PPE drives littering in Irish towns to worst levels in over a decade

Impact of Covid-19 laid bare with worst spots in Dublin’s north inner city and Limerick

The dumping of personal protective equipment (PPE) is a significant contributory factor to littering in Irish towns and cities falling to the worst level in well over a decade, a major new report has found.

The report was commissioned by Irish Business Against Litter (IBAL), an alliance of companies sharing a belief that continued economic prosperity is contingent on a clean, litter-free environment.

Its first nationwide litter report since the coronavirus crisis, published on Monday, showed a dramatic fall in the number of towns and cities deemed to be “clean”, to its lowest level since 2007.

Cities fared particularly badly, with Dublin, Galway and Limerick city centres all losing their “clean” status.


While no area was branded a “litter blackspot”, the worst affected areas, deemed to be “seriously littered”, were Dublin’s north inner city and Limerick city south, with the townland of Galvone subjected to a “monumental level” of dumping.

In something of a sign of the times, the report showed PPE litter to be widespread and a rise in the prevalence of cans and glass bottles.


IBAL’s Conor Horgan said the coronavirus pandemic has led to more littering and less cleaning up by volunteers.

“The rise in litter levels this year is across the board,” he said. “The Covid crisis has seen more dumping, more outdoor socialising, especially drinking, and PPE litter, but less cleaning by local authorities and less activity by volunteers like Tidy Towns.”

He called the situation “a perfect storm, in many ways”, which has brought the State to “the worst position we’ve been in in over 10 years”.

“In the fight against Covid-19, local authorities have curtailed cleaning schedules and diverted resources to other areas,” he continued.

“At the same time, households have been generating more litter during lockdown and there has been a visible increase in drinking outdoors as pubs are closed, a fact borne out by the rise in bottles and cans found by the An Taisce inspectors, Galway city being one example.

“However, there was a reduction in cigarette butts, perhaps also a reflection of pubs and offices being closed. Half of all recycle facilities surveyed were heavily littered, another likely consequence of the Covid crisis.”

Mr Horgan said the prevalence of PPE litter across the country was a matter of particular concern, with discarded masks five times as common as gloves.

“Understandably, people are reluctant to pick up these items for fear of contracting Covid, so they tend to stay on the ground,” he said. “We need to see a rapid rise in the use of reusable masks.”

Kilkenny was again judged the best of the 40 towns and cities surveyed. An Taisce, who carried out the report, deemed 23 towns to be “clean”, which represented a fall of more than 20 per cent on last year.

The number of towns reaching the highest cleanliness level – “cleaner than European norms” – dropped by a quarter to nine, with Kilkenny edging out Athlone, Killarney and Portlaoise at the top of the rankings.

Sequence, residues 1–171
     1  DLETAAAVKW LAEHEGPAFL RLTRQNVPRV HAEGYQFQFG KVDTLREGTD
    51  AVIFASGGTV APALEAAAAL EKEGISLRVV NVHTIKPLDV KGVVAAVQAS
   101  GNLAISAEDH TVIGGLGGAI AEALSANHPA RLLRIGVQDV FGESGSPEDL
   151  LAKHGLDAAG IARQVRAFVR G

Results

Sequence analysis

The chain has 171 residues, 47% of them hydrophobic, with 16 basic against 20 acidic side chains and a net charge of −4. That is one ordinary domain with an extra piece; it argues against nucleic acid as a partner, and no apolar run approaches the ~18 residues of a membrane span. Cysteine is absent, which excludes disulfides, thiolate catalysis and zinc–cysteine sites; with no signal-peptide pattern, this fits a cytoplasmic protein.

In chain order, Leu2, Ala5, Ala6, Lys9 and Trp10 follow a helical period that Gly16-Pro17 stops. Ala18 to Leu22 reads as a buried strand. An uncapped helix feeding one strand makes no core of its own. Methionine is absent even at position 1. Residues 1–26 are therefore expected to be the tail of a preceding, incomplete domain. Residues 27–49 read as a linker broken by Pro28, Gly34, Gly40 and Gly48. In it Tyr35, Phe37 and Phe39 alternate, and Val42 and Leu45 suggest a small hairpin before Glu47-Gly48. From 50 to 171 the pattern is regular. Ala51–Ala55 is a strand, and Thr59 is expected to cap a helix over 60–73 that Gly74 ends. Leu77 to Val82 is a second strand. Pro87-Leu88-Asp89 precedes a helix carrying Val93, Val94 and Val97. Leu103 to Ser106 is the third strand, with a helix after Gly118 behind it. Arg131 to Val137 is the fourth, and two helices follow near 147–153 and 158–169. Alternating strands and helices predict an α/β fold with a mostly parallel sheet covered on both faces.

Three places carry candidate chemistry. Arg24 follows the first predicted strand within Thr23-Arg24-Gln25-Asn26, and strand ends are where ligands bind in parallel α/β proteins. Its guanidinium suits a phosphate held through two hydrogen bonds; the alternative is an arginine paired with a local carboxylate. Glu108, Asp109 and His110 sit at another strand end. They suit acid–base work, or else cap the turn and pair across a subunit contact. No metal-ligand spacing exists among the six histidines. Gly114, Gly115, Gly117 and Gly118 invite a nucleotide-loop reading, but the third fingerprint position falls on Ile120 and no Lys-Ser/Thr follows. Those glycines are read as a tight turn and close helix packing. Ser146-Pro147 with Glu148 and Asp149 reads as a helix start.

Dublin’s Ballymun was among the few areas to improve on 2019, with its Main Street praised as “very well presented, with a virtual absence of litter throughout”.

Mr Horgan also said that the number of “very bad sites” within towns explained the overall deterioration in cleanliness.

“It is a source of particular frustration that those sites which we had identified last year as heavily littered were – for the most part – not cleaned up in the interim,” he said.

“Of 61 sites described as either heavily littered or blackspots in 2019, fewer than 40 per cent were clean in this latest report. We’ve been saying for years that the most immediate way to improve a town or city is to focus on the bad areas – clearly this is not being done.”

Among the worst sites surveyed, “heavy levels of litter abounded” at Galvone Business Park in Limerick, while the area’s recycle facility was “subject to dumping on a monumental scale”.

There were “major accumulations” of food related and other miscellaneous items in the water in the Canal at Ossary Road in Dublin.

Elsewhere, St Patrick’s Park in Navan was “one of the worst sites” seen by IBAL in recent years with “heavy levels of dumping” of large scale household items such as mattresses, couches and black sacks.

“In these exceptional times, when councils’ resources are stretched, civic responsibility is called for more than ever,” added Mr Horgan.

“The mantra ‘we’re all in this together’ extends to the proper disposal of waste, not least waste that is prone to contamination. With fewer people available or willing to pick up litter, the message has to be not to litter in the first place.”

Seriously littered areas 

Limerick city south – Galvone 
Dublin north inner city


Cork northside 

Cleaner than European norms 

Waterford city centre

Colin Gleeson

Colin Gleeson

Colin Gleeson is an Irish Times reporter